When Kara alters her appearance to look like Skye and attempts to seduce him it gives us further insight into Ward’s bizarre relationship with his former teammates. He tells her that Skye made it very clear that she doesn’t want anything to do with him when she shot him repeatedly and that’s something that bothers him. He obviously still has feelings for her. Of course this opening up could be part of a tactic to gain her trust and manipulate her but it does seem genuine enough. There are other examples of a potential manipulation attempt when he encourages her to find her own identity to replace the one that she lost. The episode strongly hints that she is beginning to fall for him which can’t be good for her.
Their plan to break Sunil Bakshi out of Talbot’s custody was pretty fun if a little cheesy. I do like how Talbot approached the investigation once he found out that she was posing as someone on the base. His tactic of asking each of the women a question that only they could answer was a clever idea that allowed Adrian Pasdar some opportunity to chew the scenery. Talbot is a strange character who occasionally comes across as a little goofy but I still enjoy his presence. Unfortunately he hasn’t been given anything significant to do in a while but it’s good that they are keeping him around.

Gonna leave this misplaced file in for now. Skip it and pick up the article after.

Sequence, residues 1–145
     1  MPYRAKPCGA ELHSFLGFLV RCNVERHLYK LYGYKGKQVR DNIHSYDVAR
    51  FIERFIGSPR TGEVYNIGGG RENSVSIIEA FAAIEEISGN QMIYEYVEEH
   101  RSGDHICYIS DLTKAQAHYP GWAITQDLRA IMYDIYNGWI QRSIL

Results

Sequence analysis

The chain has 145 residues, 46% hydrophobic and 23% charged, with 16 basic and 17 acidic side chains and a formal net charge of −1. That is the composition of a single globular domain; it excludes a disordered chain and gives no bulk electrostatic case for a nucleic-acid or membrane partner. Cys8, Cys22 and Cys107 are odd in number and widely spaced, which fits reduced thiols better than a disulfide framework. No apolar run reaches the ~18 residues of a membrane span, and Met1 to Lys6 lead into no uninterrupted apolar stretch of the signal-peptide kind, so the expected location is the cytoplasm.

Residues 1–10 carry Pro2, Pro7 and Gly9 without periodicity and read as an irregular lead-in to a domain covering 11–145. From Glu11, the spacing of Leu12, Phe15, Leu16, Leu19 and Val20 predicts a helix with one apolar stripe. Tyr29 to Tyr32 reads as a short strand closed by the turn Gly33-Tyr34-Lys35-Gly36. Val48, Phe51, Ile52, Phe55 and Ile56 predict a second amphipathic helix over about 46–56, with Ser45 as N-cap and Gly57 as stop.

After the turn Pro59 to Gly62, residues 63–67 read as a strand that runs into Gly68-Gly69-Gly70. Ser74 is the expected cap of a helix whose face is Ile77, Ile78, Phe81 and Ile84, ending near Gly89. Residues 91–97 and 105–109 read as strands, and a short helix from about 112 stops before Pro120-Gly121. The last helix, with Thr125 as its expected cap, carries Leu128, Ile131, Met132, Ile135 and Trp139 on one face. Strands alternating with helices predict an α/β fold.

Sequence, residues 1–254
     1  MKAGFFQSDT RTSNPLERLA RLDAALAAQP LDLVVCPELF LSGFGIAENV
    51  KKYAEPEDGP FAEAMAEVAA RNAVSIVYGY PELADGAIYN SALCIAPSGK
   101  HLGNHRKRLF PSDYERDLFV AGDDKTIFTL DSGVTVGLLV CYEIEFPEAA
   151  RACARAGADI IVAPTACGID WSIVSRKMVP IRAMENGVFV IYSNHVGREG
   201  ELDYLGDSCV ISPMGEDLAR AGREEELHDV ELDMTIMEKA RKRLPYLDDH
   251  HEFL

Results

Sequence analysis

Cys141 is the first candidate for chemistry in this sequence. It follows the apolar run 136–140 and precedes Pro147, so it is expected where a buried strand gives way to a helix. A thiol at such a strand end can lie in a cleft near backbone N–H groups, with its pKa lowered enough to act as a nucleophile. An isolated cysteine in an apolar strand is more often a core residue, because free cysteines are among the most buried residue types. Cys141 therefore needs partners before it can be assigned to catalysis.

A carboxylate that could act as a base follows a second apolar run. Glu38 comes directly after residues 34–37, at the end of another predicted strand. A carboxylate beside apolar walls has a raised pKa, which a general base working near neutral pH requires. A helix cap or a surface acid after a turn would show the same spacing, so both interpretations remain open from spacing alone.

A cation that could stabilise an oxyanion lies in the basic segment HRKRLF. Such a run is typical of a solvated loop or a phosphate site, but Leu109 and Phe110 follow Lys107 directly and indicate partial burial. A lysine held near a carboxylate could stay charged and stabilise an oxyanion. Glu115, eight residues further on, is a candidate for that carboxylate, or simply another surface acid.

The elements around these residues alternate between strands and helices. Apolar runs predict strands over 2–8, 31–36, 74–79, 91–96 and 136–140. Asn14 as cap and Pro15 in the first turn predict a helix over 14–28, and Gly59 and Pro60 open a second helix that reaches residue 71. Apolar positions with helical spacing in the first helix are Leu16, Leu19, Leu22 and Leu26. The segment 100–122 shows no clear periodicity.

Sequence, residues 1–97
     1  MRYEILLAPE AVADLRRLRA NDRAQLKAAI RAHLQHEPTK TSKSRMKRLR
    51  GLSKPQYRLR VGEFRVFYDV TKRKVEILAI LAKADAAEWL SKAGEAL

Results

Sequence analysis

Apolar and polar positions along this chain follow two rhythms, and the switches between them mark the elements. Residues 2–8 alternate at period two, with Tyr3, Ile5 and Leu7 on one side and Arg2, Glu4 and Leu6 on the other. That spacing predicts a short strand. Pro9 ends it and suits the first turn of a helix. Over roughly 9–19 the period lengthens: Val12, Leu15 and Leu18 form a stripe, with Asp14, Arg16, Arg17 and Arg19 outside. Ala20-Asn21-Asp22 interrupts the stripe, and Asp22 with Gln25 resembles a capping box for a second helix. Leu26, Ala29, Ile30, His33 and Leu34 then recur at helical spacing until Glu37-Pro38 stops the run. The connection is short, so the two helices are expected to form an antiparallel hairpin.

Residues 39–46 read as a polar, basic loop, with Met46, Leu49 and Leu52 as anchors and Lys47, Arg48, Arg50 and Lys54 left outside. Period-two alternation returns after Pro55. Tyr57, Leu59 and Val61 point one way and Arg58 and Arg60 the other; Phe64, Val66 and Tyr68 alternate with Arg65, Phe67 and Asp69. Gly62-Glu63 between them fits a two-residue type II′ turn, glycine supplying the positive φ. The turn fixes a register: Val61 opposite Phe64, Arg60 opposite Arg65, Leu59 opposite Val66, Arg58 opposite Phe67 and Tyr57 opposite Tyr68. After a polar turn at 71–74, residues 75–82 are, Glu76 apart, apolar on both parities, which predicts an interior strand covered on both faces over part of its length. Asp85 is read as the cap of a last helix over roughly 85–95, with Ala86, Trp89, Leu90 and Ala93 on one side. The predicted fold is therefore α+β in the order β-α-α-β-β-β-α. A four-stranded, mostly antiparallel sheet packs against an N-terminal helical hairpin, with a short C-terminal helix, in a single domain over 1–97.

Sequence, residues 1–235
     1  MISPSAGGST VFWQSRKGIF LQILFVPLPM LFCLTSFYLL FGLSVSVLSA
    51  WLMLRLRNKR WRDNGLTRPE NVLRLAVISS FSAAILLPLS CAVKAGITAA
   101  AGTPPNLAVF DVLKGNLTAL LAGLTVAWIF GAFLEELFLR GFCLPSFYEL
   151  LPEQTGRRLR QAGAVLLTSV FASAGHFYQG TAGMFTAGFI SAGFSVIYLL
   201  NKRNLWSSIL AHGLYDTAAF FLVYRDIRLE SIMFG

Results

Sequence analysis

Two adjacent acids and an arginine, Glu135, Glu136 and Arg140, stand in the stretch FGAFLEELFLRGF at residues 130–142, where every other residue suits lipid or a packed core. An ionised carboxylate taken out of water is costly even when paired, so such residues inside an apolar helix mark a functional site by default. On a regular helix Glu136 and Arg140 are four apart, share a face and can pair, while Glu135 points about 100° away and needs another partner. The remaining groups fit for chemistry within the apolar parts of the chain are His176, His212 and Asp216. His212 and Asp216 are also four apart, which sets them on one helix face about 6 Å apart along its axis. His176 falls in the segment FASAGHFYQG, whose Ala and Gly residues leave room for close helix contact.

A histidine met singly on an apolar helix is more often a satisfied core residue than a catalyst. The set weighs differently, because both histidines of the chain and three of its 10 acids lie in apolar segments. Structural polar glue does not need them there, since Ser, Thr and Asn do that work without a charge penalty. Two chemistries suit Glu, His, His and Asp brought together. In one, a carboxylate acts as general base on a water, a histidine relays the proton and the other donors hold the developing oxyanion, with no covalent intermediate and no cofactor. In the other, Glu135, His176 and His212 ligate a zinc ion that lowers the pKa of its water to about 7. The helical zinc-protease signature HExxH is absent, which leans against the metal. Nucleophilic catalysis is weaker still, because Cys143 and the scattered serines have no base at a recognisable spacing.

We get some exploration of the “real” S.H.I.E.L.D. and even find out that it is run by Robert Gonzales played by none other than Edward James Olmos. There isn’t much to his character as yet other than the authority that Olmos’ presence brings to the role by default. We do get some insight into the agenda of this other version of S.H.I.E.L.D and what they stand for. It turns out that they don’t approve of what Nick Fury stood for and want an organisation where the leadership are transparent with their intentions. The problem they have is that they think Coulson is following Fury’s lead and is a loose cannon after being injected with alien DNA. I like that the writers are following up on the things that Coulson did when obsessed with finding the Inhuman city. He was incredibly reckless so it’s good to see that not everyone is happy with it. In general this is an interesting way of looking at things and I’m curious to see what will happen when the two groups meet. If nothing else, Edward James Olmos should bounce really well off Clark Gregg.